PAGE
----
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Spending my teenage years growing up in Laredo, TX, was not a particularly easy or pleasant experience. Amongst the many annoyances one had to deal with in a culturally isolated South Texas border town was a lack of quality English-language programming on the radio. If you weren’t into silly bubble-gum pop or a multitude of Spanish-language musical genres, you were out of luck. Thus, I had to rely heavily on AM radio stations broadcasting from San Antonio, some 150 miles up I-35.
Among the ones I listened to most were KTSA 550-AM, a talk radio station (on which I would discover a dynamic young conservative talk show host named Rush Limbaugh in June 1991) and KKYX 680-AM, a country music station that every Friday featured a college football program hosted by then-Texas Tech head coach William “Spike” Dykes.
While listening to the latter in December 1990, a beautiful, sentimental song was played over and over again. The name of the song was “Calico Christmas.” It had wonderful lyrics, telling the story of a soldier stationed overseas who was missing Christmas in his Texas hometown, dreaming of his bride in her favorite calico dress. It received a lot of airplay likely because hundreds of thousands of American troops had been recently deployed to Saudi Arabia during Operation Desert Shield. War was imminent, and no doubt the song helped sooth the angst of many on the home front.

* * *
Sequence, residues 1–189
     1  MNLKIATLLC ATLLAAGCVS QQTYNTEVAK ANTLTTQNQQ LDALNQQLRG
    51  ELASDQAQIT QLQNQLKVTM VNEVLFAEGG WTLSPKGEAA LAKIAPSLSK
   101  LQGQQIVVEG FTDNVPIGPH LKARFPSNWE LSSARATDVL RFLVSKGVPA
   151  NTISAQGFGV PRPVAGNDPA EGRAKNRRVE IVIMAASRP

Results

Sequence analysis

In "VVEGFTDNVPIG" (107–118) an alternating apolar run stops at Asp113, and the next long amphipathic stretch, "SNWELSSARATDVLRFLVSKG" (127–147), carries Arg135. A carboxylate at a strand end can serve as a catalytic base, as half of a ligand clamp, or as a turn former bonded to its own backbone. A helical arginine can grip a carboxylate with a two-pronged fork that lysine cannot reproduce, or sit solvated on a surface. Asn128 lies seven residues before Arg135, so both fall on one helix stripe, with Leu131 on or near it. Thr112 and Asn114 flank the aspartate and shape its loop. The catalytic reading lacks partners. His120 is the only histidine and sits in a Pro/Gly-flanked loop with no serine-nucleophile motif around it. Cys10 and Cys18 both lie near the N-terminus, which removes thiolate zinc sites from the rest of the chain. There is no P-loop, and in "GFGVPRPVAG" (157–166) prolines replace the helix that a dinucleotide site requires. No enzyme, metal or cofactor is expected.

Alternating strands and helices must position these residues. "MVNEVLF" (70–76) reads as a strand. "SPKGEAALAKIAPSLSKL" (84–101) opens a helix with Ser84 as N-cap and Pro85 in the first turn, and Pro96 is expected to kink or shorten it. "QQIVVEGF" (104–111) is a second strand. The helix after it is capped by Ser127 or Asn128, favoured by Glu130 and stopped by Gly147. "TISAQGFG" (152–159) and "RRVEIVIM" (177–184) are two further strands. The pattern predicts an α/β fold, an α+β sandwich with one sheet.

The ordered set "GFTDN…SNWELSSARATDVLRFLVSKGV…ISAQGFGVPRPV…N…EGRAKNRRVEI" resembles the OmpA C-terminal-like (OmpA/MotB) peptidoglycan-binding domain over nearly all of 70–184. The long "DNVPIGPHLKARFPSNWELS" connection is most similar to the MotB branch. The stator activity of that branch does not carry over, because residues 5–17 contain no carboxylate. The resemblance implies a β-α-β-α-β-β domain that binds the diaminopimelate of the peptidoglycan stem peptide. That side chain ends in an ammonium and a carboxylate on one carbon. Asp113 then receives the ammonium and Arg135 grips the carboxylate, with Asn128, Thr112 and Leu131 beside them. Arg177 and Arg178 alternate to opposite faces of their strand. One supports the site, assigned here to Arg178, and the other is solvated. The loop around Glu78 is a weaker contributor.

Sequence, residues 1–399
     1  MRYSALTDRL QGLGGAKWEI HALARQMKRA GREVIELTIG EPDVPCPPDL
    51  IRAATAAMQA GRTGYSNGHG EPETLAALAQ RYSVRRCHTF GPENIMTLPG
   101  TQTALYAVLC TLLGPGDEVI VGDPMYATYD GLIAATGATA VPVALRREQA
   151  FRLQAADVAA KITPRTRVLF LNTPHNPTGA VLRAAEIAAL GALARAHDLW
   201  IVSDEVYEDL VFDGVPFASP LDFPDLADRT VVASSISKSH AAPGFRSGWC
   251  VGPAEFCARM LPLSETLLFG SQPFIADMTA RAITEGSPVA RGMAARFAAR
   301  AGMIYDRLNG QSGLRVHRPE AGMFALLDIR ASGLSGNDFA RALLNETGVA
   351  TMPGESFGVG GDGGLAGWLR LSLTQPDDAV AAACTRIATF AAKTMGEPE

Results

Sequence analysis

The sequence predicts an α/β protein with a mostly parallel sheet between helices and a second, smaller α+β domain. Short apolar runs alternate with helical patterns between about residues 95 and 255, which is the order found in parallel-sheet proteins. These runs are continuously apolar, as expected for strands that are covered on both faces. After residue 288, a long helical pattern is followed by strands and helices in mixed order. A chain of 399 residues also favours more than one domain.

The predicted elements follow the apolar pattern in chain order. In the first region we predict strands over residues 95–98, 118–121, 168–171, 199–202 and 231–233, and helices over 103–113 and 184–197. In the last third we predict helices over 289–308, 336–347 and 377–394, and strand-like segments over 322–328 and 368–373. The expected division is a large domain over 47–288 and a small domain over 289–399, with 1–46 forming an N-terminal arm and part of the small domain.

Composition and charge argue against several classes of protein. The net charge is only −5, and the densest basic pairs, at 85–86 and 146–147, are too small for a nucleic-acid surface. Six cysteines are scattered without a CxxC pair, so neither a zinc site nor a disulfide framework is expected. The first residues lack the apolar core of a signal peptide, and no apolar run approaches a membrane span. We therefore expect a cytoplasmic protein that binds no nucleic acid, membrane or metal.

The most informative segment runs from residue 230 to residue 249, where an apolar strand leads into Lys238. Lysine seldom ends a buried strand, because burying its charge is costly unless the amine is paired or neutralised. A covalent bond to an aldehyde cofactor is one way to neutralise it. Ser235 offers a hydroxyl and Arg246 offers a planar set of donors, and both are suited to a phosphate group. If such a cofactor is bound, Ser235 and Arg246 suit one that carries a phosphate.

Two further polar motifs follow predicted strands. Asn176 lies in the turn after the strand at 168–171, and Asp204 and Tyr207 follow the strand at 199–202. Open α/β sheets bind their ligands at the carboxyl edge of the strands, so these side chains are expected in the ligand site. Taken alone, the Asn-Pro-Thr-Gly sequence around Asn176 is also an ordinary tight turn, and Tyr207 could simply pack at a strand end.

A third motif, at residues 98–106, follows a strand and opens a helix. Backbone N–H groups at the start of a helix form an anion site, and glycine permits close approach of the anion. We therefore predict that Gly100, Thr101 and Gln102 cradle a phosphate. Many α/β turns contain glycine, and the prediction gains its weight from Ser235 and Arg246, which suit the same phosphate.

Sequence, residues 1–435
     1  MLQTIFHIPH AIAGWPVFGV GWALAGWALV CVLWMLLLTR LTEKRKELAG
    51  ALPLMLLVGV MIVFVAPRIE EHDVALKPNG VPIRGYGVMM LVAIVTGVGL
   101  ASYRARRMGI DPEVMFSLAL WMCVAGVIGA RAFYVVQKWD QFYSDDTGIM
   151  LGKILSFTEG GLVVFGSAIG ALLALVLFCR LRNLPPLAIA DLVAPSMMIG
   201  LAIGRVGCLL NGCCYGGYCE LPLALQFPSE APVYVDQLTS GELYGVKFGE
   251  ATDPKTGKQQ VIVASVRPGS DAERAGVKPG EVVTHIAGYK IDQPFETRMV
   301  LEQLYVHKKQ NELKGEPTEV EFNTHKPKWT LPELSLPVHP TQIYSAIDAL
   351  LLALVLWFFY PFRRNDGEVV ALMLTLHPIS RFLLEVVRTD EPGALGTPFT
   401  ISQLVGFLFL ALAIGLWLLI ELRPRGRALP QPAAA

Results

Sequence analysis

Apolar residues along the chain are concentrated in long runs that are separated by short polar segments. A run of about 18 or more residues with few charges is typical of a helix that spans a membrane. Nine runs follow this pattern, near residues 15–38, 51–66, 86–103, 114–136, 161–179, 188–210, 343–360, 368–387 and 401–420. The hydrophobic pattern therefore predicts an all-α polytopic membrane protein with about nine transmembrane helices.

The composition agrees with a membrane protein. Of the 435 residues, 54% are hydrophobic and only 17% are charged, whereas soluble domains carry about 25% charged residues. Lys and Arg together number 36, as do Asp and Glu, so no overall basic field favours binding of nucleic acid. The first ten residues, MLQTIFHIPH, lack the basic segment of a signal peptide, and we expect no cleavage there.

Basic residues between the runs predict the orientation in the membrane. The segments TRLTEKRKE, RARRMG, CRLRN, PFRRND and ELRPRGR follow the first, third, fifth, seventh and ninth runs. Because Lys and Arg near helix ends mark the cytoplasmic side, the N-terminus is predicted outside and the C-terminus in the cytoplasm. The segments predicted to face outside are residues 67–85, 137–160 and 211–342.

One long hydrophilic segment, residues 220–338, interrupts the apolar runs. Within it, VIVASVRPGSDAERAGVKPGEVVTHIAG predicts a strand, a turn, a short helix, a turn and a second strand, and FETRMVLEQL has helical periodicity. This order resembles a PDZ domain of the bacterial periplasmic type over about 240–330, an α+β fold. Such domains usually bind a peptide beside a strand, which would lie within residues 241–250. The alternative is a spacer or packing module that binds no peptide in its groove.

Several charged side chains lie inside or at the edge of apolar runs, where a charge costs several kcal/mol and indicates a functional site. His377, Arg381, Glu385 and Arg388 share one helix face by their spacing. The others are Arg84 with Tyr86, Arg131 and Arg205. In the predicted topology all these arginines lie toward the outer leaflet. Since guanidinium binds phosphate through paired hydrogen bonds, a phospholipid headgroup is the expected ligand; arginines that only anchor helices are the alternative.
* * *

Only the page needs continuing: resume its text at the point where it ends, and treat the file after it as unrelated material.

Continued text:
However, after the winter of 1990-91, I never heard the song again. Over the years, I searched in vain at stores like Musicland, Suncoast, and Sam Goody, and later all across the internet. But I found nothing, absolutely nothing. Two days ago, that all changed. I finally tracked down the song (posted below), and the artist is a College Station-based singer-songwriter named Jack Houston. Pretty tune, ain’t it?